Miguel Alcubierre took the idea to the extreme by positing large masses: neutronium density or more. Further he used a nifty little gravitational trick: the gravity field inside a spherically symmetric shell of mass is zero--in general relativity terms, the spacetime inside a spherical shell is approximately flat. So putting the two ideas together you get a spherical shell with the forward end composed of positive energy matter, the aft half is composed of negative energy matter, and the 'vessel' or transport is at the center of the shell in the flat spacetime 'island' in the middle. Increase the density of the shell until it comes close to the density of neutronium, and voila you have massive acceleration that the occupants inside won't feel (they're in free fall.)

The system does not appear to violate conservation of energy as long as the spherical shell has a net-zero energy (sum of the positive energy mass and negative energy mass is zero;) the vessel inside does not possess any more or less kinetic energy than what it started out with since the 'spacelike' FTL movement is similar in some regards to expansion of the early universe.

This is what I got out of Mr. Alcubierre's paper (without being able to do the General Relativistic Tensor mathematics involved in the transforms!)

Offline gospacex

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Re: Theoretical FTL
« Reply #11 on: 06/24/2008 04:21 PM »
Further he used a nifty little gravitational trick: the gravity field inside a spherically symmetric shell of mass is zero--in general relativity terms, the spacetime inside a spherical shell is approximately flat. So putting the two ideas together you get a spherical shell with the forward end composed of positive energy matter, the aft half is composed of negative energy matter,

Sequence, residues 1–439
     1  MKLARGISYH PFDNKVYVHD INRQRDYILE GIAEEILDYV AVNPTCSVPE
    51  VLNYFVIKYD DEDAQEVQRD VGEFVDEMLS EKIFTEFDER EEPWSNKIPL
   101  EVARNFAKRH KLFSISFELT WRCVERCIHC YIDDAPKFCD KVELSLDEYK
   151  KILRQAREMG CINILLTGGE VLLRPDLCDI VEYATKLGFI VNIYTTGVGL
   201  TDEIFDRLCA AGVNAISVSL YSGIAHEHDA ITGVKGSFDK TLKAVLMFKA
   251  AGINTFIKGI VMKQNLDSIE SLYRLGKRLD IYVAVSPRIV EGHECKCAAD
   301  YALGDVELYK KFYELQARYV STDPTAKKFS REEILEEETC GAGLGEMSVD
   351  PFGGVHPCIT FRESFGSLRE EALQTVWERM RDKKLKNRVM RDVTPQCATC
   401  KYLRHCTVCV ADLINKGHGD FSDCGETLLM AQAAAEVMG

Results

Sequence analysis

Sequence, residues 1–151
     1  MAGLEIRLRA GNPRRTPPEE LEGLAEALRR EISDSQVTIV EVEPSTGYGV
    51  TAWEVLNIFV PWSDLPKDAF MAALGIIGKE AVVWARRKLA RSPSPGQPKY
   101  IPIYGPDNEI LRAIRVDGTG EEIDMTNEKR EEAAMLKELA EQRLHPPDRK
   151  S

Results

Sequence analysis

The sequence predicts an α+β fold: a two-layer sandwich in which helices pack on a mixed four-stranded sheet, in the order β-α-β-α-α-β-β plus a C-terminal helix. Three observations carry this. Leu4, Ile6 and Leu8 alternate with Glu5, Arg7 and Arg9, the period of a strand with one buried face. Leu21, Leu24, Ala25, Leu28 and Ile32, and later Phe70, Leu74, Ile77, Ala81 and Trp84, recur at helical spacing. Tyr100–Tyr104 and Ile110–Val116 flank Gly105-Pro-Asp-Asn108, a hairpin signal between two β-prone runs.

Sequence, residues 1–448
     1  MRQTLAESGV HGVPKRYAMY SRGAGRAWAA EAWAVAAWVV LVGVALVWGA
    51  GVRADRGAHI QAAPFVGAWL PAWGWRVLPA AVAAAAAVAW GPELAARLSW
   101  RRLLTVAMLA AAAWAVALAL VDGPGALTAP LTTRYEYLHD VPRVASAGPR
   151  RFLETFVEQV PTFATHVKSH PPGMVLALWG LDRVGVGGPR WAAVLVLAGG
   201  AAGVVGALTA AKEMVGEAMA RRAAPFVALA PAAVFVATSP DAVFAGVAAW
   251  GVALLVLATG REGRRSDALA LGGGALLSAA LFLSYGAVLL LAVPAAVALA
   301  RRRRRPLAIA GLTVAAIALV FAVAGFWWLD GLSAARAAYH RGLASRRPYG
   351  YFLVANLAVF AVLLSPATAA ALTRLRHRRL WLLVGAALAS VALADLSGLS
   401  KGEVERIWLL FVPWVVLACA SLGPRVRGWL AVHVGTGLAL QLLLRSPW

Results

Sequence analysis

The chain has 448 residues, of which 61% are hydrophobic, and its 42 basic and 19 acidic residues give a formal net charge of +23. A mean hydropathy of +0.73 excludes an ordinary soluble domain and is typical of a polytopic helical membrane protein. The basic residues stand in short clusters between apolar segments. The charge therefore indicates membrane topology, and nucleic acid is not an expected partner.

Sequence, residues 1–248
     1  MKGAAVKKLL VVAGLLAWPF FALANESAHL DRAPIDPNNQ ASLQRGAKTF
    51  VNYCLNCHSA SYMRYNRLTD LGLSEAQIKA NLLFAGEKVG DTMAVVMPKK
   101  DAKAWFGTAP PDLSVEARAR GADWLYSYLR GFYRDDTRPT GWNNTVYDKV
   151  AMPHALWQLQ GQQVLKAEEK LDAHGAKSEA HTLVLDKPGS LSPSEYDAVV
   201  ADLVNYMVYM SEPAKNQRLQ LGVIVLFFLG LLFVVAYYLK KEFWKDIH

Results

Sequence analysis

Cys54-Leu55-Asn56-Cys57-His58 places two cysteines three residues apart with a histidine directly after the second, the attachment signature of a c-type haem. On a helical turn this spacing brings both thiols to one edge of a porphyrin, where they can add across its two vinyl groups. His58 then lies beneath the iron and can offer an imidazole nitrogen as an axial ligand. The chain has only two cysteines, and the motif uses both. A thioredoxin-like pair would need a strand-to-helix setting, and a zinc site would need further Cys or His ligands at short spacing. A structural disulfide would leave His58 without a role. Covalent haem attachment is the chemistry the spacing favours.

Well, spherical shell's interior has zero gravity field _only if_ the density and thickness of the shell is the same eveywhere. The above description seems to violate that.

Offline colbourne

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Re: Theoretical FTL
« Reply #12 on: 06/26/2008 02:18 AM »
If anti-matter did respond to gravity differently to normal matter one of the results might have been after the big bang all the anti-matter would have quickly accelerated away at faster than light speed which may explain why there appears to be an absence/shortage of anti-matter in the universe.

This space craft seems expensive but as with everything you get what you pay for. I would say it is a bargain if it really could be built !!!

Initially once we get some results proving how gravity and anti-matter are linked , it might be a useful study for the SETI people.

If my assumptions were correct could we build a communications device that would work ?

Online hop

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Re: Theoretical FTL
« Reply #13 on: 06/26/2008 02:56 AM »